Romanticism and the Christian Tradition of the Western Culture
Articles
Dalia Čiočytė
Published 2015-01-01
https://doi.org/10.15388/Litera.2005.1.8149
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How to Cite

Čiočytė D. (2015) “Romanticism and the Christian Tradition of the Western Culture”, Literatūra, 47(1), pp. 44-56. doi: 10.15388/Litera.2005.1.8149.

Abstract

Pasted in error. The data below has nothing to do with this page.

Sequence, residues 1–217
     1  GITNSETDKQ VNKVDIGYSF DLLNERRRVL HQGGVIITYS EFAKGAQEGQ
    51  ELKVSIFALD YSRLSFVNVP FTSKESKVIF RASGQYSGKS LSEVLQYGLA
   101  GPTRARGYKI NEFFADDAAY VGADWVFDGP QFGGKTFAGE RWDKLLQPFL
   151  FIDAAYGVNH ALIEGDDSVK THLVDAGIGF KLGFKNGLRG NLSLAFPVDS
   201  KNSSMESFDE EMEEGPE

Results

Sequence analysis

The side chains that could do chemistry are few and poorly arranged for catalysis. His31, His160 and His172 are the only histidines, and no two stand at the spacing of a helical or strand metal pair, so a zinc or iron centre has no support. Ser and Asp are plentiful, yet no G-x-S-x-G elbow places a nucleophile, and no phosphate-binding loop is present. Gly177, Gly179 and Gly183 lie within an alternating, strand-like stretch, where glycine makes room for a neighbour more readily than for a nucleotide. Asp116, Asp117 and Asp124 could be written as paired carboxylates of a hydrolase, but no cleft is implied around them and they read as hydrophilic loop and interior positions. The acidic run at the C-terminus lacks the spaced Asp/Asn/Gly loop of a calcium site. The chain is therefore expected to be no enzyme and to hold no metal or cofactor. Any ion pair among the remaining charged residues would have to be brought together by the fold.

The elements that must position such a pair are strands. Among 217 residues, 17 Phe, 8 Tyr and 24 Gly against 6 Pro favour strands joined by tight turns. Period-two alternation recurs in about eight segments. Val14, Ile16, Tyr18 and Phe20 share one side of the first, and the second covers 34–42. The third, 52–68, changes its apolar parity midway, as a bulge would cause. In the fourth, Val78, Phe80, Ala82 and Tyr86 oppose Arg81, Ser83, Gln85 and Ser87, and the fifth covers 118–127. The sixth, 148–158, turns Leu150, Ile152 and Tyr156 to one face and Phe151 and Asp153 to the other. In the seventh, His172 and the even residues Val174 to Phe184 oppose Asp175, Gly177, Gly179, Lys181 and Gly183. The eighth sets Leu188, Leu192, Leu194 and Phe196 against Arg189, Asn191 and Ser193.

The article clarifies the notion of unity seen in the history of Western (Christian) culture; the notion is implied in investigations made by Rene Burke, Aidan Day, George Steiner. According to these scholars, the only cultural break that can be clearly seen in Western culture took place at the end of the 19th – beginning of the 20th centuries, when egocentric and nihilistic elements of the modern/postmodern conception of the world began to come into opposition with the Christian world-view. While considering the tension between traditional and “antitraditional” Western cultures, the article stresses the philosophical assumptions that undermine both cultures. The first signs of this cultural break can be seen in the period of Romanticism. Even though Romanticism is still strongly connected with the Western tradition, including its Christian aspect (the romanticists were strongly interested in the spiritual and the transcendental), the main aspects of Romanticism (egocentrism, homotheism, anticommunal tendencies) strongly oppose the tradition of Christian conception of the world. In the works of English, German, Polish, Russian Romanticists a double movement can be observed away from the traditional Christian philosophy and back towards it. Lithuanian Romanticism has hardly any such phenomena of double movement, it doesn’t quarrel with Christian thought. The article ends with the consideration of possible causes and consequences of this lack of opposition to the Christian world-view seen in Lithuanian Romanticism.
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